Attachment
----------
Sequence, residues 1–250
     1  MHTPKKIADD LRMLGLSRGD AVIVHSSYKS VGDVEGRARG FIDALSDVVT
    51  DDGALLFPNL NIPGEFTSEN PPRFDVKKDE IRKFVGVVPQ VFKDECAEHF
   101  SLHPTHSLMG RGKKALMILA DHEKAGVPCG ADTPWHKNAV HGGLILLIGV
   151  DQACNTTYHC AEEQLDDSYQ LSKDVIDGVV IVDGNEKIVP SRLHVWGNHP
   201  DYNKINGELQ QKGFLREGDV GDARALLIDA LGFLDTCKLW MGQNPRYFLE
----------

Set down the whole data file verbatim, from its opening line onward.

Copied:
Sequence, residues 1–250
     1  MHTPKKIADD LRMLGLSRGD AVIVHSSYKS VGDVEGRARG FIDALSDVVT
    51  DDGALLFPNL NIPGEFTSEN PPRFDVKKDE IRKFVGVVPQ VFKDECAEHF
   101  SLHPTHSLMG RGKKALMILA DHEKAGVPCG ADTPWHKNAV HGGLILLIGV
   151  DQACNTTYHC AEEQLDDSYQ LSKDVIDGVV IVDGNEKIVP SRLHVWGNHP
   201  DYNKINGELQ QKGFLREGDV GDARALLIDA LGFLDTCKLW MGQNPRYFLE